The Case of the Wounded Woodsman and His Dedicated Physician

Albert B. Lowenfels, MD


September 02, 2009

Brief History of the Physician and His Patient

William Beaumont (1785-1853) was born into a farming family and grew up in Connecticut, where he remained until his early 20s when he joined his brother in Upstate New York.[1] There, he taught school for several years, before deciding at the age of 25 to study medicine. Although it was possible in the early 19th century to practice medicine without any formal training, Beaumont became an apprentice to Dr. Benjamin Chandler, a prominent Vermont physician. This apprenticeship lasted for 1 year, covered both medicine and surgery, and led to certification by the Vermont Medical Society. His training never included any formal background in physiology, and it is unlikely that Beaumont was aware of the available rudimentary knowledge of gastrointestinal physiology.

Figure 1.

Portrait of William Beaumont, frontier doctor and scientist.
From Gillett MC. Early campaigns in the North, 1812 to 1813. In: Matloff M, ed. The Army Medical Department 1775-1818. Army Historical Series. Available at: Accessed August 26, 2009

In 1812, a few months after receiving his certification, Beaumont enlisted in the US Army, and then actively engaged in war with the British Empire. Eventually, after the conclusion of the War of 1812, Beaumont was posted to Fort Mackinac, an important trading post located on a small, remote island between Lake Huron and Lake Michigan.

By good fortune, Beaumont was at the Fort on June 6, 1822, when Alexis St. Martin, a French-Canadian employee of the American Fur Company, was accidentally shot in the left chest. Beaumont had received some surgical training during his apprenticeship and additional experience while caring for injured soldiers during the War of 1812. Without Beaumont's presence, it is unlikely that St. Martin would have survived such a serious injury.

St. Martin came from a background that was very different from Beaumont's. According to his birth certificate, St. Martin was born in 1794, in the small Canadian village of Berthier. His family, who originated from Bayonne, France, was poor, and St. Martin grew up to be an illiterate trapper. He earned his living as a fur trader and voyageur (a porter and large cargo canoe man) in the region between what is now Michigan and Canada. When he was wounded, St. Martin was 28 years old and unmarried.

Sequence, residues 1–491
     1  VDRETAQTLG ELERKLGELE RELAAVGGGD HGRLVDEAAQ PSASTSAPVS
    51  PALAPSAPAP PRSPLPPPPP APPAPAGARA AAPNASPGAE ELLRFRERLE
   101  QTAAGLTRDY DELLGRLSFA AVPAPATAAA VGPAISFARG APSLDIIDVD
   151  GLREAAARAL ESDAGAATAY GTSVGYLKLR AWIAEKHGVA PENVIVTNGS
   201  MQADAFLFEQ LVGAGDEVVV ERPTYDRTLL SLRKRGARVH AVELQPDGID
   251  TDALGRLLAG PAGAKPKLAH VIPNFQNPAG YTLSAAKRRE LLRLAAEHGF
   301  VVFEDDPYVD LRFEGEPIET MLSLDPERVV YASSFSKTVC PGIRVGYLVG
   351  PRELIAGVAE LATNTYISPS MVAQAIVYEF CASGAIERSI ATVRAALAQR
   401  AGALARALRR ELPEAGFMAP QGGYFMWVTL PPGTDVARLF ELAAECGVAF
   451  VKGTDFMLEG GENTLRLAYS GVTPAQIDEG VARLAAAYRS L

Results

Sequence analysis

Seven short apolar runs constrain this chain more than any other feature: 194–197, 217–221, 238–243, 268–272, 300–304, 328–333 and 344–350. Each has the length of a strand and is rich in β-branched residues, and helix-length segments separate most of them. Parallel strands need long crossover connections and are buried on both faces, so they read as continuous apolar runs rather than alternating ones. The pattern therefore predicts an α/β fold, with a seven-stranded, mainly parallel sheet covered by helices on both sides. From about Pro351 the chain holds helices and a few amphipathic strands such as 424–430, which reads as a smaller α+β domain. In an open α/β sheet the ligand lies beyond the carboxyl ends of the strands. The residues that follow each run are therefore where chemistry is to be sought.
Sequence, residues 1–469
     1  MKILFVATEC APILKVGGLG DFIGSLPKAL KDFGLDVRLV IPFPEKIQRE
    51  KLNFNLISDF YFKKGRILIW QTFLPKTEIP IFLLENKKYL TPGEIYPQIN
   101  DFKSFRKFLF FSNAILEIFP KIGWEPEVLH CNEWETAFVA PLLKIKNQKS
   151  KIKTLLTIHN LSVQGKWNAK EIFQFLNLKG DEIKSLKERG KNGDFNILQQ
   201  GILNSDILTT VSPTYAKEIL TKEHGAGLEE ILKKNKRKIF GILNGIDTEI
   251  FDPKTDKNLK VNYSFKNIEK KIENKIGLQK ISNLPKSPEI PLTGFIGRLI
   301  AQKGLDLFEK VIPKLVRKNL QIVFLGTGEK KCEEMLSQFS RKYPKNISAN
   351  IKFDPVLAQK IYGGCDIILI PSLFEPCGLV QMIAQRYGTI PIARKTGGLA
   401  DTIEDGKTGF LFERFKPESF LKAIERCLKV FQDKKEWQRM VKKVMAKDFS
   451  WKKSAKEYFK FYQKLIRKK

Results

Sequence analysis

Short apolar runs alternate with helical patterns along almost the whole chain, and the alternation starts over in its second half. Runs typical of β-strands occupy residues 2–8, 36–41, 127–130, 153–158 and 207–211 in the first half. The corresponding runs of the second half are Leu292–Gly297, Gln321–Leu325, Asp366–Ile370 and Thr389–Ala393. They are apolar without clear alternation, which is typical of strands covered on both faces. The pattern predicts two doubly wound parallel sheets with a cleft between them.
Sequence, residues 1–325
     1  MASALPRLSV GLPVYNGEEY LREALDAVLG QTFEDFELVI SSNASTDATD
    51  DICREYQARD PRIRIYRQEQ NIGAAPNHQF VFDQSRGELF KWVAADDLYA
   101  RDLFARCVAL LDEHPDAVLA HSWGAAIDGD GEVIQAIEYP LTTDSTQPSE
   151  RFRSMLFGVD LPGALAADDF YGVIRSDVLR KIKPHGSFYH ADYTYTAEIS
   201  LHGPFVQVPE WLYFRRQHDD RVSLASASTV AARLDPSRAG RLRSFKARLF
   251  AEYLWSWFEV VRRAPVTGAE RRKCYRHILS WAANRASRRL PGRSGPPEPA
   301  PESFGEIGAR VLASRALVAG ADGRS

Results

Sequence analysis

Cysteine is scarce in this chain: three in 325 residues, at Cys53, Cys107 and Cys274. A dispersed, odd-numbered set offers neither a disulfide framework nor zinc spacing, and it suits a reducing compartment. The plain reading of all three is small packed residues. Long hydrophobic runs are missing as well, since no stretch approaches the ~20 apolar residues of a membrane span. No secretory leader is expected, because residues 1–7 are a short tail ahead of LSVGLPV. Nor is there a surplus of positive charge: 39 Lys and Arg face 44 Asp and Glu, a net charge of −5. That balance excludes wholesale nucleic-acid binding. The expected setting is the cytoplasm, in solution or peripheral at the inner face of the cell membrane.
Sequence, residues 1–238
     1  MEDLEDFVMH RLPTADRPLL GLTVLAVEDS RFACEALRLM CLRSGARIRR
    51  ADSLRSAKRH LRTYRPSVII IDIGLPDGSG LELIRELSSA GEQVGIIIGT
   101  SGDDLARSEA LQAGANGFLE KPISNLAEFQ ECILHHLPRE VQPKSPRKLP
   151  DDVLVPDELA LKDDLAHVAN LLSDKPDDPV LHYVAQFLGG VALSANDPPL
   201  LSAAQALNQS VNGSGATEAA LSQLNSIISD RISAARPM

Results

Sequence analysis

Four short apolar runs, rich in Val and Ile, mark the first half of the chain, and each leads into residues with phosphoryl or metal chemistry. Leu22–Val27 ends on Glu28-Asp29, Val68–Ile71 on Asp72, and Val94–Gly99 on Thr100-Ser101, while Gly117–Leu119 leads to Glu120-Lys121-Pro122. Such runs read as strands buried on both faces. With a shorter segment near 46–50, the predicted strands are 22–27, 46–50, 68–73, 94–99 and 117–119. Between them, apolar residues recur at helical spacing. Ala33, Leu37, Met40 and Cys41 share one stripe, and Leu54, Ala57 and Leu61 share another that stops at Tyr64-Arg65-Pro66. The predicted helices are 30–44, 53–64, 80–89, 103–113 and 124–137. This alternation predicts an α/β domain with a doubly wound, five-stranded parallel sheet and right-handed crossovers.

When St. Martin was sufficiently recovered, he signed a contract with Beaumont, who offered him employment as a handyman in return for a stipend, food, and permission to carry out experiments on St. Martin's stomach. To facilitate the research, and to ease the financial burden on the physician, the US Army made St. Martin a sergeant, paying him a small salary.

About a year after St. Martin's injury, when Beaumont realized that the gastric wound was unlikely to close, he began detailed studies of the process of digestion within St. Martin's stomach. These experiments, conducted with the often reluctant St. Martin, continued intermittently over the course of about a decade. St. Martin agreed to travel to Europe to be examined and studied by leading physicians, including Claude Bernard, but he changed his mind before embarking on the voyage. He never did go to Europe, but he did exhibit his fistula at several American medical schools.

Despite Beaumont's efforts, the wound never completely healed; nevertheless, St. Martin was able to resume a nearly normal life if he plugged up the gastric opening with a piece of cloth. Eventually St. Martin married and had several children. He was always poor, however, and frequently drunk. His health, despite the fistula, was sufficiently robust so that he could support his family by hard labor, such as chopping wood.

Regardless of his persistent gastric fistula and his heavy consumption of alcohol, St. Martin lived to be 86 years old; even now this is well above the normal life span for white men in North America. As for Beaumont, after completing his army service, he settled in St. Louis, Missouri, where he practiced medicine until he died in 1853 from a head injury after falling on an icy path. St. Martin outlived his physician by several decades.

Prior to St. Martin's death, prominent physicians, including William Osler, had tried without success to persuade the family and the patient to agree to an autopsy.[2] Osler was particularly anxious to examine St. Martin's famous stomach and to have it preserved in the US Army Museum. However, the family was vehemently opposed to any further contacts with the medical profession. To ensure that his body would not be disturbed, the family buried St. Martin in an unmarked deep grave. Only in 1962, more than 80 years after his death, did the Canadian Physiological Society place a marker at the approximate grave site.


Comments on Medscape are moderated and should be professional in tone and on topic. You must declare any conflicts of interest related to your comments and responses. Please see our Commenting Guide for further information. We reserve the right to remove posts at our sole discretion.
Post as: